The complexity of Tatum's playing in "Tiger Rag" had a profound influence on Oscar Peterson when he first heard the song as a child. He feared he would never become as skilled a piano player. He needn't have worried. 


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A Montreal Musician

A Montreal Musician

In 1942, when Oscar was 17 years old, he was offered a position with the Montreal-based Johnny Holmes Orchestra and he decided to drop out of school to pursue music full time.

Under Holmes’ instruction, Oscar improved his playing and soon became prominent enough to head his own musical trio. He joined with bassist Austin “Ozzie" Roberts and drummer Clarence Jones and they soon became headliners in Montreal’s music scene.

prove myself wrong

I can remember sitting up one night thinking that there really was no way for me to make a decent living being a jazz artist. And happily, of course, I've proven myself wrong.

— Oscar Peterson
An International Jazz Sensation
A black and white newspaper ad featuring an illustration of a man playing a trumpet, advertising the Jazz at the Philharmonic concerts at Massey Hall.

A 1950s Toronto newspaper ad for Norman Granz’s touring “Jazz at the Philharmonic” music series, featuring world renowned jazz performers including Oscar Peterson.

An International Jazz Sensation

Word of Peterson’s skills on the piano quickly spread. In 1949, he was invited to participate in “Jazz at the Philharmonic”, a series of jazz concerts and recordings. Performing at New York City’s Carnegie Hall, Peterson’s performance helped launch his international career. He became a regular performer for the series and toured around the world with jazz legends including Ella Fitzgerald, Dizzy Gillespie, Charlie Parker, Buddy Rich, and Roy Eldridge.The jazz series even brought him back to Canada, performing at Toronto’s Massey Hall.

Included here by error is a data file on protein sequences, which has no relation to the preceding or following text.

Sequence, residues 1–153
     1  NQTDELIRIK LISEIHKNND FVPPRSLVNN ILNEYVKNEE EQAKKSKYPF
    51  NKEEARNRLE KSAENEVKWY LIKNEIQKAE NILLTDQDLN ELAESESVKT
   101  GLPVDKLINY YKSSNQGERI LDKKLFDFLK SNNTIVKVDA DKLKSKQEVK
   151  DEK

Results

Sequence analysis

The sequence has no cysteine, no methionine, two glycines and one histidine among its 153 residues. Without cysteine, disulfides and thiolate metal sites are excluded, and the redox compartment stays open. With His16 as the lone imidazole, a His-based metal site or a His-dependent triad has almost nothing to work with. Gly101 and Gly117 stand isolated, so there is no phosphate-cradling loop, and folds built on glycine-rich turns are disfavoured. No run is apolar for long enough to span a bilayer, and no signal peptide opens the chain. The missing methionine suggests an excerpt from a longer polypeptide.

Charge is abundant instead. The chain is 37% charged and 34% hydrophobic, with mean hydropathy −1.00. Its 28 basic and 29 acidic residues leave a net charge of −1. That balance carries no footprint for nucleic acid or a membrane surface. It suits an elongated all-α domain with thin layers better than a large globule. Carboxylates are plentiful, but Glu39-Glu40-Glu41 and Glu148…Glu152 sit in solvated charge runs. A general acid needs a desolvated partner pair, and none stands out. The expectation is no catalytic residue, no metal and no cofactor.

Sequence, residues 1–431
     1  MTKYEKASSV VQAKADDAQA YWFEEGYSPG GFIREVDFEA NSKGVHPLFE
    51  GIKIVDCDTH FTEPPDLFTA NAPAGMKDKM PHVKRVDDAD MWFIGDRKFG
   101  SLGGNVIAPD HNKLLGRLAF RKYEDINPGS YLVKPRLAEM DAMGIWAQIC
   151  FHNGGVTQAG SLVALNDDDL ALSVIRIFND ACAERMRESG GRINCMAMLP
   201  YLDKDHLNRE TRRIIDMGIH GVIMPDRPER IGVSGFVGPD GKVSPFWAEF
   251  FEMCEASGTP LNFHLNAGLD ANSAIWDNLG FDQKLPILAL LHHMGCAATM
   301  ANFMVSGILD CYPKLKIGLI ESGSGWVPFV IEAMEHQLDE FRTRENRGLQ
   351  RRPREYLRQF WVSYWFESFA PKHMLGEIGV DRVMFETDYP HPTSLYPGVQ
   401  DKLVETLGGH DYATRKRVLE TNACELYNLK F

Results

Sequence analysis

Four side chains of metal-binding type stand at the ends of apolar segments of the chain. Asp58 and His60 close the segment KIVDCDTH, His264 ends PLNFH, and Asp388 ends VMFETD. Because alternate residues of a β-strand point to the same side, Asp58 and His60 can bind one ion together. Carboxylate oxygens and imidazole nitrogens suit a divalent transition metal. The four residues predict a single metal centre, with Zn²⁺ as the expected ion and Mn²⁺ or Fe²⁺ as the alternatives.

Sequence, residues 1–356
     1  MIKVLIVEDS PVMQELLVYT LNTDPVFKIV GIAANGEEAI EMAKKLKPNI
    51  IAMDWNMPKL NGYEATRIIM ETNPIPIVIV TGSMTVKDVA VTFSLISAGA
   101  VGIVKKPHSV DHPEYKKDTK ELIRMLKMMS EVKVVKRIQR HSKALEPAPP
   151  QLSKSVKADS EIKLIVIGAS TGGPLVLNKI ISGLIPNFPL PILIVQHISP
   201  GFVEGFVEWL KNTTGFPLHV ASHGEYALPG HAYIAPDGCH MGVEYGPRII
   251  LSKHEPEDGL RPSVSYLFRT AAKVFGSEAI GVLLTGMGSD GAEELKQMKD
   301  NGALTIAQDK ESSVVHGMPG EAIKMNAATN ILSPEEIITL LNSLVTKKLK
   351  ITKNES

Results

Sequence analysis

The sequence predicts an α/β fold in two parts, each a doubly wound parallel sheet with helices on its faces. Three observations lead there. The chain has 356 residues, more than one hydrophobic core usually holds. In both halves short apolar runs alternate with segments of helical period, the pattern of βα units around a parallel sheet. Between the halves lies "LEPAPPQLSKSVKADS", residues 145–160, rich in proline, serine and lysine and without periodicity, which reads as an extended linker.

Jazz At The Philharmonic

Listen: Jazz At The Philharmonic

Listen to Oscar Peterson perform at the 1949 "Jazz at the Philharmonic" concert performed at New York City's Carnegie Hall.

The Jazz at the Philharmonic concert series lasted from 1944 to 1983 and featured among the most celebrated jazz musicians of the age, including Nat King Cole, Billie Hoiday, Gene Krupa, Charlie Parker, and Ella Fitzgerald.

Norman Granz (1918–2001) was the man behind the concert series. A foundational figure in jazz music in the United States, Granz was also a staunch advocate in desegregating music performances in the U.S., often fighting for the rights of Black musicians and artists who performed with the series. 

Granz recorded many of the Jazz at the Philharmonic concerts, capturing and preserving some of the most noteworthy jazz performances of the twentieth century. 


This online exhibition uses third-party applications including Spotify and YouTube. Check with your organization’s web administrator if you are unable to access content from these channels in the exhibition.

The Oscar Peterson Trio

The Oscar Peterson Trio